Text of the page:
Arana, G. “An overview of side effects caused by typical antipsychotics.” Journal of Clinical Psychiatry 61, supplement 8 (2000):5-13.
Binder, R. “A naturalistic study of clinical use of risperidone.” Psychiatric Services 49 (1998):524-6.
Bola J, et al. “Treatment of acute psychosis without neuroleptics: two-year outcomes from the Soteria project.” Journal of Nervous Mental Disease 191 (2003):219-29.
Carter, C. “Risperidone use in a teaching hospital during its first year after market approval.” Psychopharmacology Bulletin 31 (1995):719-725.
Carpenter, W, et al. “The treatment of acute schizophrenia without drugs.” American Journal of Psychiatry 134 (1977):14-20.
Chakos M, et al. “Increase in caudate nuclei volumes of first-episode schizophrenic patients taking antipsychotic drugs.” American Journal of Psychiatry 151 (1994):1430-6.
Chouinard, G, et al. “Neuroleptic-induced supersensitivity psychosis.” American Journal of Psychiatry 135 (1978):1409-10. Also see Chouinard, G, et al. “Neuroleptic-induced supersensitivity psychosis: clinical and pharmacologic characteristics.” American Journal of Psychiatry 137(1980):16-20.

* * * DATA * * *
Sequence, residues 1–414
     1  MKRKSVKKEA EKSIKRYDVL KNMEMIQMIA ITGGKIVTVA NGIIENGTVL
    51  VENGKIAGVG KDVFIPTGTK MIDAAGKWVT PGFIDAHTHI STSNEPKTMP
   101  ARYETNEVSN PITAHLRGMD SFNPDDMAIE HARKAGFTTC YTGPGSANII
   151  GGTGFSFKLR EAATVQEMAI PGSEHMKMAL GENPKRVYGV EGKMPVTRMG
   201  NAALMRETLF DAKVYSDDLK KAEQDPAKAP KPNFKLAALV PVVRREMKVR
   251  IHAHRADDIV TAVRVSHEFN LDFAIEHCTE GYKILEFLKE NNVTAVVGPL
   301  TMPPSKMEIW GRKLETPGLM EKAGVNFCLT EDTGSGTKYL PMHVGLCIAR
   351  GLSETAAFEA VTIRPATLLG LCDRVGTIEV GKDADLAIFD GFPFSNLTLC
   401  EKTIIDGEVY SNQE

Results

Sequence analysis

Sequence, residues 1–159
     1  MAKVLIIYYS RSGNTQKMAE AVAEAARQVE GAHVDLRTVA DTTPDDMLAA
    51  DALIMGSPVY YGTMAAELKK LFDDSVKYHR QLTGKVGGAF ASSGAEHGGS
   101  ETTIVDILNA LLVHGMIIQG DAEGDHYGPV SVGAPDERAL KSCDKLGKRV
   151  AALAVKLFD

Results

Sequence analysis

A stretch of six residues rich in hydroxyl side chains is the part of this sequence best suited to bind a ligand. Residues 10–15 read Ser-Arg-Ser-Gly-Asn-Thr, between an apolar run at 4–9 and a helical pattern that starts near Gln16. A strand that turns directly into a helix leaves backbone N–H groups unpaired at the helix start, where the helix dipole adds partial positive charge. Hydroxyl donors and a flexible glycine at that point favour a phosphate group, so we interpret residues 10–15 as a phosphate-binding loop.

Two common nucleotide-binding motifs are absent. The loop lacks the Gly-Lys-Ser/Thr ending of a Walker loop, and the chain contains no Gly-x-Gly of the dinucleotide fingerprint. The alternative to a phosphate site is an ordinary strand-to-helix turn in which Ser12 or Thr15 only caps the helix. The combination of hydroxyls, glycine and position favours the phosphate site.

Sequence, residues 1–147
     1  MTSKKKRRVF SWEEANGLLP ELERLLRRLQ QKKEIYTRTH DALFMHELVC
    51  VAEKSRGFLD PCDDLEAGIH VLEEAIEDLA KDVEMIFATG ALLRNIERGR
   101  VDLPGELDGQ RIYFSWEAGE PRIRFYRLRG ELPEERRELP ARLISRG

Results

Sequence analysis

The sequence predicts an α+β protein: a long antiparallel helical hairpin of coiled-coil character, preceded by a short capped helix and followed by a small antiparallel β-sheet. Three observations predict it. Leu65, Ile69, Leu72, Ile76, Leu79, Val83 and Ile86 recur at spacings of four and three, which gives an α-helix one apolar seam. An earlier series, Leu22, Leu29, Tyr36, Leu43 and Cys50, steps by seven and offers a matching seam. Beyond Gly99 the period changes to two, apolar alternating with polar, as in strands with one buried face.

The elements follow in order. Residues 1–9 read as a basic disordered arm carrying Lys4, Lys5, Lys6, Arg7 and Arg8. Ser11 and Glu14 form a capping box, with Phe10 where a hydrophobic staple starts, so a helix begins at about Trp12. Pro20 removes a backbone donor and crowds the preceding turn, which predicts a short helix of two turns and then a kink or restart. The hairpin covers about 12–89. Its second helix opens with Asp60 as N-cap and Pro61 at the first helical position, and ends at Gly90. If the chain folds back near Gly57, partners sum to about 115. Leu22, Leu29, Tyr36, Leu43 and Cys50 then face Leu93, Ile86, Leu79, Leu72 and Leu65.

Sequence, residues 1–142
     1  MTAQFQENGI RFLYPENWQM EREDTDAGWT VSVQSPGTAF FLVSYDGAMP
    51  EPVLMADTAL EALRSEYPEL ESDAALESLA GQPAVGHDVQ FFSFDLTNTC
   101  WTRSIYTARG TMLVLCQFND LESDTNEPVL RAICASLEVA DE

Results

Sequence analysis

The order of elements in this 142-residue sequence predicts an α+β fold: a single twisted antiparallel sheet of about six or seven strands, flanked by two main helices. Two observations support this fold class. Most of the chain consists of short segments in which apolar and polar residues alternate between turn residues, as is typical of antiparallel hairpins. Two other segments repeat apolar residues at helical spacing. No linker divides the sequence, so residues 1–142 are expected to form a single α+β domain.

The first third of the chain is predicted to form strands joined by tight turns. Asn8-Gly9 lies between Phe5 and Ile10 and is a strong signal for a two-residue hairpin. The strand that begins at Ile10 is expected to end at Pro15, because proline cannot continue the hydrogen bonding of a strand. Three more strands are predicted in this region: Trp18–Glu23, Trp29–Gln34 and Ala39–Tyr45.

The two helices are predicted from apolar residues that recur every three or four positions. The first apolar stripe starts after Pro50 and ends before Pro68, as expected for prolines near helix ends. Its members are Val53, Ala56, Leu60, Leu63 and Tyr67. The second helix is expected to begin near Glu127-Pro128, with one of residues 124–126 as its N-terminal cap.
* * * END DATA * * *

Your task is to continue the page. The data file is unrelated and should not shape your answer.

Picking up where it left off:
Cole, J, et al. “Phenothiazine treatment in acute schizophrenia.” Archives of General Psychiatry 10 (1964):246-61.
Crane, G. “Clinical psychopharmacology in its 20th year,” Science 181 (1973):124-128. Also see American Psychiatric Association, Tardive Dyskinesia: A Task Force Report (1992).
Cullberg J. “Integrating psychosocial therapy and low dose medical treatment in a total material of first-episode psychotic patients compared to treatment as usual.” Medical Archives 53 (199):167-70.
Cullberg J. “One-year outcome in first episode psychosis patients in the Swedish Parachute Project. Acta Psychiatrica Scandinavica 106 (2002):276-85.
Davies, L, et al. “Cost-effectiveness of first- v. second-generation antipsychotic drugs.” The British Journal of Psychiatry 191 (2007):14-22.
Deniker, P. “The neuroleptics: a historical survey.” Acta Psychiatrica Scandinavica 82, supplement 358 (1990):83-87.
FDA approval letter from Robert Temple to Janssen Research Foundation, December 21, 1993.
Galynker, I. “Akathisia as violence.” Journal of Clinical Psychiatry 58 (1997):16-24.
Gilbert, P, et al. “Neuroleptic withdrawal in schizophrenic patients.” Archives of General Psychiatry 52 (1995):173-188. Ciompi, L, et al. “The pilot project Soteria Berne.” British Journal of Psychiatry 161, supplement 18 (1992):145-53.